A win Sunday against the Spurs would be a meaningful step for the Warriors toward restoring their routine and sanity. What they’ve gone through this week is both unusual and disturbing, whether they care to admit or not. It is evident in listening to Durant that he still is annoyed by not only the content of the argument but also the constant references to it.

Asked about the vibe around the team, Durant offered words sprinkled with salt.

“We’re just trying to move forward,” he said. “Are we going to talk about this the whole year? We just want to play ball. I know that’s all I want to do.”

Who knew that a single victory over a San Antonio team with its own problems could mean so much? And, really, it would matter.

But not nearly as much as the return of Curry and Green, along with the good-time vibe that makes the Warriors the Warriors.

When the Warriors are “fine” or “good” or “great,” they chase more than victory. They pursue excellence -- the ability to dominate with such panache -- that they can all laugh together about it.

Only then will the arrogance seem fitting.

Warriors takeaways: What we learned from narrow loss to Mavericks

Warriors takeaways: What we learned from narrow loss to Mavericks

BOX SCORE

The Warriors in recent seasons have dominated the Dallas Mavericks, taking a 10-game win streak into American Airlines Center on Saturday.

That streak is gone, replaced by another the Warriors didn’t want.  

With the Mavericks coming back in the fourth quarter to pull out a 112-109 victory -- their first over the Warriors since Dec. 30, 2015 -- the defending NBA champs have a two-game losing streak for the first time since last April.

Here are three takeaways from the game:  

The stars faded late

With Stephen Curry and Draymond Green out, the Warriors looked to Kevin Durant and Klay Thompson to take them home in the fourth quarter. Neither was able.

Durant scored a game-high 32 points but just three in the fourth. He shot 1 of 7 in the quarter, after going 10 of 17 in the first three. He played the final 6:12 and was minus-7 during his stint. After dropping in a jumper to give the Warriors a 106-103 lead with 3:13 to play, Durant missed his final four field-goal attempts.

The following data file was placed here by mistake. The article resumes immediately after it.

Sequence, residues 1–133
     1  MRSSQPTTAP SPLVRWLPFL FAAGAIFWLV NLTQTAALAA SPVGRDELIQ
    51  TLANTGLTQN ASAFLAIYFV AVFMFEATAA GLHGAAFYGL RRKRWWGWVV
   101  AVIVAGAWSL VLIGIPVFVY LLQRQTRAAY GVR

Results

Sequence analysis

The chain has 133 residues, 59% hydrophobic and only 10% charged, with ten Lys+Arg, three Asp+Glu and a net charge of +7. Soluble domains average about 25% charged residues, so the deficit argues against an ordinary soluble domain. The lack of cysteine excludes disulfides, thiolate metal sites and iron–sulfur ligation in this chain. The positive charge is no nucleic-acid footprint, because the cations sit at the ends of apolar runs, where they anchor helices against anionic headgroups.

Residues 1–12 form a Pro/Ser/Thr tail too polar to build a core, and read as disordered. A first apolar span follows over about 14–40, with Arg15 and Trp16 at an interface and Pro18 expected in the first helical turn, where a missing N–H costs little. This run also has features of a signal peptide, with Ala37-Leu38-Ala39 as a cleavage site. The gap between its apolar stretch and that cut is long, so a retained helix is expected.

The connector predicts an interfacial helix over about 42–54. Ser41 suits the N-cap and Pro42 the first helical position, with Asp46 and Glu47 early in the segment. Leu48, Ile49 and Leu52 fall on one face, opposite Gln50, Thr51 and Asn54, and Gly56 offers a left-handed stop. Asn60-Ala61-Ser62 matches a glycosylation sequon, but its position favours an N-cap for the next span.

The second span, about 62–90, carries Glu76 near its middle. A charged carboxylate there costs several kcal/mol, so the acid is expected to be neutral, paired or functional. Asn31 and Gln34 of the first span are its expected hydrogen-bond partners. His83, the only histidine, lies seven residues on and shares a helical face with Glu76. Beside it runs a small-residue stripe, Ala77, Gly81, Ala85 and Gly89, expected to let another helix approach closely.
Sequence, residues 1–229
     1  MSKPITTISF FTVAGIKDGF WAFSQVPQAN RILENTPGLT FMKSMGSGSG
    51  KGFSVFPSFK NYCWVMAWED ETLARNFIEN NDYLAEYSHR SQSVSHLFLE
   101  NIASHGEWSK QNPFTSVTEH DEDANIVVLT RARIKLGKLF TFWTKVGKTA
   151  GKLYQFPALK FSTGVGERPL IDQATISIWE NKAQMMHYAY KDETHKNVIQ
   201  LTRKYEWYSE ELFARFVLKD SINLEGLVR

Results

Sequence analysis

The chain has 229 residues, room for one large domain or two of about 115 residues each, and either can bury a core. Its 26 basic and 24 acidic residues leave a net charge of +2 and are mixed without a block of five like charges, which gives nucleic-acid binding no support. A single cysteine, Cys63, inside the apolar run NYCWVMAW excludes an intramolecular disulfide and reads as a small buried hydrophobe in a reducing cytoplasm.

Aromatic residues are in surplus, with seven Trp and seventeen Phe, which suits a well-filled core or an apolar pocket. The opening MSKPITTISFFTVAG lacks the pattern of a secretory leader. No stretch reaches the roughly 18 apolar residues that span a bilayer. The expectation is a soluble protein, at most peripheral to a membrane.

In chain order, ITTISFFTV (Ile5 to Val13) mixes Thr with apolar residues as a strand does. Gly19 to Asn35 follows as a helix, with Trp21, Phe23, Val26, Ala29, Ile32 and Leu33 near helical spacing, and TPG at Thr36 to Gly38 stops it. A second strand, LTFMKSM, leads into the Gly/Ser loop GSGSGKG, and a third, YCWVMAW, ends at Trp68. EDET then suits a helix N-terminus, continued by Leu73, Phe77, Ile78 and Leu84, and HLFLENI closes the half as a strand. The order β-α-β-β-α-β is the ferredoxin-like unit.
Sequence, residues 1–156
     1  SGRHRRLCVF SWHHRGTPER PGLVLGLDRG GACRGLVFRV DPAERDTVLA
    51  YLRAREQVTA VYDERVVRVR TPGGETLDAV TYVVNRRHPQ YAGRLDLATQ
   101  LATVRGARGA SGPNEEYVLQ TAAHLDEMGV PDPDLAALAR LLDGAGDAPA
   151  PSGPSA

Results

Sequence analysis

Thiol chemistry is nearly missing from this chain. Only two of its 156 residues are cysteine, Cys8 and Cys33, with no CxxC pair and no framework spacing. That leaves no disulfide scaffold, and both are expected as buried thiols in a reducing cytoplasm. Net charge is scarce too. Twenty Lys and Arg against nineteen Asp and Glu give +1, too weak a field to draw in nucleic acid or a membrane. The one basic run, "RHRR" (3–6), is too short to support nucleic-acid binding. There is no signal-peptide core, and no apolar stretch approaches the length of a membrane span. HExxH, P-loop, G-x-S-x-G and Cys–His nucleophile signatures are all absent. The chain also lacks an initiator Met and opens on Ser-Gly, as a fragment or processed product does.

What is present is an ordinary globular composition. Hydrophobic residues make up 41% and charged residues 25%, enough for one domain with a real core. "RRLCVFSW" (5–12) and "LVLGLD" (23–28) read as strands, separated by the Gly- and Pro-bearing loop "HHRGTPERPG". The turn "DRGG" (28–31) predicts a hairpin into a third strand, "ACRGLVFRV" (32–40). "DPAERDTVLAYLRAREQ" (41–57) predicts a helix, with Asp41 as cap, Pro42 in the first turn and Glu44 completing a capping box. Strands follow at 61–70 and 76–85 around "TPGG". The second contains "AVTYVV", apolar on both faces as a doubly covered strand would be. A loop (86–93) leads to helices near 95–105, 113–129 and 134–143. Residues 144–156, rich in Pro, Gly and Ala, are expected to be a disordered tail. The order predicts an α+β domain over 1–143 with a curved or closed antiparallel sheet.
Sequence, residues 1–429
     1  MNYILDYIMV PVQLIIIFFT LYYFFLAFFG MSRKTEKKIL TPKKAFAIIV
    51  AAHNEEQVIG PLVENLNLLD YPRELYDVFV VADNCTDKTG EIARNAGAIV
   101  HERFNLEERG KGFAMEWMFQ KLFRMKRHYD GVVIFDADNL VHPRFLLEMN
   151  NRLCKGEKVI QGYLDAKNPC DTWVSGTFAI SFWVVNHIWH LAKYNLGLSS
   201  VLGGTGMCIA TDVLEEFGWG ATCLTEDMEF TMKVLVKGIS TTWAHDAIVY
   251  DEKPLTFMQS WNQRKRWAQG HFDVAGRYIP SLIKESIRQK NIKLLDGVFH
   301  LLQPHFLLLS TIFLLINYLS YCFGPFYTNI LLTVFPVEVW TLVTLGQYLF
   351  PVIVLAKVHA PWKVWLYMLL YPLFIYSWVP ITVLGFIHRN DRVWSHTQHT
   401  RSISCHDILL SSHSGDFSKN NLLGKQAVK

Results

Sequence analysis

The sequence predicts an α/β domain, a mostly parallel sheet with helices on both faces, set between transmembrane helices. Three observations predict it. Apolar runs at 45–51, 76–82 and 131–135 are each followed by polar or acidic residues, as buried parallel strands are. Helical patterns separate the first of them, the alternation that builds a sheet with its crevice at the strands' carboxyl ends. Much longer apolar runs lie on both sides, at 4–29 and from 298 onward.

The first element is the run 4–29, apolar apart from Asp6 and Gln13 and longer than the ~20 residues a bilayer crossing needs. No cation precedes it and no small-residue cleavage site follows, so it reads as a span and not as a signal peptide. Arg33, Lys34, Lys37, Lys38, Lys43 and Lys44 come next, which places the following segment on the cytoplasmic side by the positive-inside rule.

Thompson fared only slightly better, scoring seven of his 22 points in the fourth on 3-of-8 shooting. He worked free for a good look on a potential tying shot with 10.6 seconds left, but he missed the 16-footer.

Durant and Thompson combined to shoot 20 of 48 (41.7 percent) from the field, including 2 of 15 (13.3 percent) from deep. They were 7 of 25 and 1 of 8 after halftime. Those are tough numbers for the Warriors to overcome.  

The bench carried a lot of weight

The reserves probably realized it would be up to them to fill the gaps created by the absences of Alfonzo McKinnie, Curry and Green. They performed nicely.

The Warriors’ bench outscored that of Dallas 42-25; the Mavericks reserves had outscored those of their opponents 163-69 in their previous three games. The Warriors' crew shot 57.1 percent (16 of 28) from the field and 60 percent (6 of 10) beyond the arc.

Guard Damion Lee, called up from G-League Santa Cruz and arriving in Dallas less than 24 hours before tipoff, scored 13 points in 18 minutes. Quinn Cook, again playing behind Andre Iguodala, put in 15 points in 22 minutes, and Shaun Livingston added 12, the first time this season he has reached double figures.

Warriors coach Steve Kerr made a lineup change at center, with Kevon Looney -- who has been the most proficient of the young big men -- replacing Damian Jones, who started the first 16 games. Jones played one of his better games, scoring just two points but adding seven rebounds and four blocks over 22 minutes.

If the reserves continue to perform at anywhere near this level, they might be able to carry the Warriors to a victory.  

The team was ready to play

Kerr expressed confidence that the Warriors would recover from their blowout loss Thursday night Houston. His projection was accurate.

They reduced their turnover count from 17 in Houston to an acceptable 12. They outrebounded the bigger Mavericks (47-46) and had more assists (24-18). Five Warriors scored in double figures.

Durant and Thompson started well, shooting 13 of 23 in the first half, as the Warriors built an eight-point lead in less than seven minutes.

The Warriors were solid for a full three quarters and early in the fourth, when they pushed the lead back to eight (90-82) before being outscored 30-19 over the final 11 minutes.

The defending champs simply weren’t the better team when it mattered most.